According to The American Cancer Society, more than 1.8 million people in the United States will be diagnosed with some form of cancer annually. Of that, more than 500,000 Americans die of cancer each year—making it the second-most common cause of death in the United States.
What Is Cancer?
Cancer is used as a broad term to refer to diseases in which abnormal cells divide without control. There are over 100 types of cancer, and cancer cells can spread to all parts of the body through tumors, the blood and lymphatic systems.
Types of Cancer
While there are over 100 kinds of cancer, some of the most common ones are:
Brain and spinal cord tumors
What Are the Risk Factors?
Unfortunately, you may not have control over some of the risk factors of developing cancer. That being said, having knowledge of possible risk factors can lead to prevention or early diagnosis. The most common risk factors include:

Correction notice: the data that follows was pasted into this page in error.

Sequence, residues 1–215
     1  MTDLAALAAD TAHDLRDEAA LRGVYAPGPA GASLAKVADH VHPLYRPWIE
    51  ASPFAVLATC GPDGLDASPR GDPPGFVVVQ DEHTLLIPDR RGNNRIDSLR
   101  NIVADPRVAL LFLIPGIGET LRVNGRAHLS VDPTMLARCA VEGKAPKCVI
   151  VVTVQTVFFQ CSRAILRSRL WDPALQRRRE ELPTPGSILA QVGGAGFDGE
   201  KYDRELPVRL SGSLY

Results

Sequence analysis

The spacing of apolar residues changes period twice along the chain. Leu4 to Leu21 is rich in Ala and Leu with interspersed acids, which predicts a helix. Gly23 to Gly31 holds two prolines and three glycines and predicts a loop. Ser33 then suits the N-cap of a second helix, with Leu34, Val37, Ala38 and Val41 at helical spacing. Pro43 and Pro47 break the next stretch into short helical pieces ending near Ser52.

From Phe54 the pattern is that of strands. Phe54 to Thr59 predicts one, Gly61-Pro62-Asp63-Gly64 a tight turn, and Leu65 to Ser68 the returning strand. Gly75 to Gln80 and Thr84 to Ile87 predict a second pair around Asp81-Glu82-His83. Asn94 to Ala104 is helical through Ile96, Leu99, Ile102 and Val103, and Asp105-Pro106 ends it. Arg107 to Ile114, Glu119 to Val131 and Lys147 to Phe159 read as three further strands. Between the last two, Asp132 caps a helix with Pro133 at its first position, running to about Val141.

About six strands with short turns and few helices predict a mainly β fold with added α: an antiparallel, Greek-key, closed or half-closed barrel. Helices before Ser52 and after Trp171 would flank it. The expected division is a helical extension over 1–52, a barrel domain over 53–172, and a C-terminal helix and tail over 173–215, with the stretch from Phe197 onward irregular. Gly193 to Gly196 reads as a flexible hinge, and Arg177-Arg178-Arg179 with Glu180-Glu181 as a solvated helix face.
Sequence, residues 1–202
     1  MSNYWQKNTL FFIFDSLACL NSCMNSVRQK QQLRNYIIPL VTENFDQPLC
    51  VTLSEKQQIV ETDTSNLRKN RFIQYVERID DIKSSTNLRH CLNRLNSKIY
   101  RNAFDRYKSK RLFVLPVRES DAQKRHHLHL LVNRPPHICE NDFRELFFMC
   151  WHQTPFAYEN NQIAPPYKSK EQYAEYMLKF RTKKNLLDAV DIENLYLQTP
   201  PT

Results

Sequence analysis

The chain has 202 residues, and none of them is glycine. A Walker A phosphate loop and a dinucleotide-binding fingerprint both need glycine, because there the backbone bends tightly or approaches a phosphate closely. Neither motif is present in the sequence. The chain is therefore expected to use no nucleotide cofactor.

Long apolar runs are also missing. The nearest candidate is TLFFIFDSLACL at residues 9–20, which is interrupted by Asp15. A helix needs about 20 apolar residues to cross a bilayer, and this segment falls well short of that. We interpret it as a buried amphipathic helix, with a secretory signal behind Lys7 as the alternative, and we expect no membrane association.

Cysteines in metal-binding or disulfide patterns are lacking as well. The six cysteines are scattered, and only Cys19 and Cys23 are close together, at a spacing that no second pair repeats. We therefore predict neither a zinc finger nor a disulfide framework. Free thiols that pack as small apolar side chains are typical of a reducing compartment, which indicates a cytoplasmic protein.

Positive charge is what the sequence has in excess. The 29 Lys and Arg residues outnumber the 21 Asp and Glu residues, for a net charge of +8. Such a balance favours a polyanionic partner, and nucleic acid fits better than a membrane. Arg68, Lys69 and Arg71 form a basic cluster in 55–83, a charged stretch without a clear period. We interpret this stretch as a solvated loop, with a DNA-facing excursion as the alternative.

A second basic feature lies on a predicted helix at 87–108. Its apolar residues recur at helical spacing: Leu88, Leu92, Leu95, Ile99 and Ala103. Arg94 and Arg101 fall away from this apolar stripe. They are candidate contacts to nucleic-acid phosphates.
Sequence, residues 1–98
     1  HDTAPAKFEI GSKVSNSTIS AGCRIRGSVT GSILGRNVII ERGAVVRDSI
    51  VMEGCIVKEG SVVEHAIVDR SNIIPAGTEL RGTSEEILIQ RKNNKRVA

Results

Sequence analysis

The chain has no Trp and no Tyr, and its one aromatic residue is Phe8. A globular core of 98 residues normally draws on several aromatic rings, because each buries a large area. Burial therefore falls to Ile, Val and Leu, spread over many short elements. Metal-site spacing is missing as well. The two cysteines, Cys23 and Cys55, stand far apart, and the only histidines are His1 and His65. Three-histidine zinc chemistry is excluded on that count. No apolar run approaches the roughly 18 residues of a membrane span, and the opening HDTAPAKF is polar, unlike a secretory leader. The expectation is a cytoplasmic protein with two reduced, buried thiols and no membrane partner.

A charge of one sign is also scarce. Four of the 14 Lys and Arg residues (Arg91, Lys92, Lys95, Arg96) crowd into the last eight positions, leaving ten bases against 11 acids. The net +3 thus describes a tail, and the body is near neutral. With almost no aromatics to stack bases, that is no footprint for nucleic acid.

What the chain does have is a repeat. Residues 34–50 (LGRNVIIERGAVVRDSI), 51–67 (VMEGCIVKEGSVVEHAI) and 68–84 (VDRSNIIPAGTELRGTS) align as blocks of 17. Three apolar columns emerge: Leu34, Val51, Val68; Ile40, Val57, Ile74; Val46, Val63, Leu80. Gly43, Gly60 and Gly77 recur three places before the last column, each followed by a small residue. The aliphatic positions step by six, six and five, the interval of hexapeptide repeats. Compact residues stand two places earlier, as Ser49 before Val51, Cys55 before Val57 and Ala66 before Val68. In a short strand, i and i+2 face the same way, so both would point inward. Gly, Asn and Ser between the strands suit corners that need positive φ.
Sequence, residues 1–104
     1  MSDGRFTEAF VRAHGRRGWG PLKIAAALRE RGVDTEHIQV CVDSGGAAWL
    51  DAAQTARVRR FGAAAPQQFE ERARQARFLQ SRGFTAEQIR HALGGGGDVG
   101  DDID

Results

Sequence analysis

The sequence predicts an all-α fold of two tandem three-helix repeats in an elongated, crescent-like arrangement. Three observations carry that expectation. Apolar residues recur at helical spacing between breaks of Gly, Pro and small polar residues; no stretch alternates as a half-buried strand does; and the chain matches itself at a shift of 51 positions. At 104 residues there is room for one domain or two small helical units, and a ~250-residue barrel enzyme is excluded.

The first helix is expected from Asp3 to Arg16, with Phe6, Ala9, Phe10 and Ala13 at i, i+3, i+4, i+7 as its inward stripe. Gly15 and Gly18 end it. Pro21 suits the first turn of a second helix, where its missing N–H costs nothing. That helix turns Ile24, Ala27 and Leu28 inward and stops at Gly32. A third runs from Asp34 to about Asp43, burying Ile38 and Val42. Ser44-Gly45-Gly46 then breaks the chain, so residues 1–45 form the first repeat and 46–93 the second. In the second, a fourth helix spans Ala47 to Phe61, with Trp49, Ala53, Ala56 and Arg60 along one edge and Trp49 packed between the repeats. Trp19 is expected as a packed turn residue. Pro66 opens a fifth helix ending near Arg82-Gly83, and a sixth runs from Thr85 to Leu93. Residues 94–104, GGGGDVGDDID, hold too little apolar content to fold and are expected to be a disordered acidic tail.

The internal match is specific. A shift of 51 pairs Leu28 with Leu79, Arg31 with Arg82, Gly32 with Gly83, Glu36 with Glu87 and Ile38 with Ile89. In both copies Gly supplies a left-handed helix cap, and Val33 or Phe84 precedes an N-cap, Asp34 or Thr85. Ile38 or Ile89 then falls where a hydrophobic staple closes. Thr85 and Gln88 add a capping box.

Age—The median age for a cancer diagnosis is 66. The older you are, the higher your risk for cancer.
Unhealthy diet and obesity—Eating a balanced diet and maintaining a healthy weight may help lower your risk of cancer.
Environmental exposure and infectious agents—External elements such as tobacco, chemicals, radiation and infectious organisms can increase your risk of cancer.
Alcohol—Excessive alcohol consumption increases your risk for cancers of the mouth, throat, larynx, esophagus, colon, rectum, liver and breasts.
Family history—If a family member has been previously diagnosed with certain cancers, you may be at a higher risk of developing it yourself.
How Can I Prevent Cancer?
Focusing on prevention may help lower the number of new cancer cases, reduce the financial and personal burden of cancer and lower the number of cancer-related deaths. Here are prevention strategies to consider:
Be safe in the sun. Always apply sunscreen when you go outside, even if it’s a cloudy day.
Stay away from tobacco products.
Limit alcohol consumption.
Eat healthy and be active.
Get screened. Having screening tests done throughout your lifetime can help detect breast, cervical, colon and lung cancers early.
Where Can I Learn More?
Approximately 39.5% of men and women will be diagnosed with cancer at some point during their life. Don’t wait too long to talk to your doctor about risk factors, screening tests and other prevention tactics.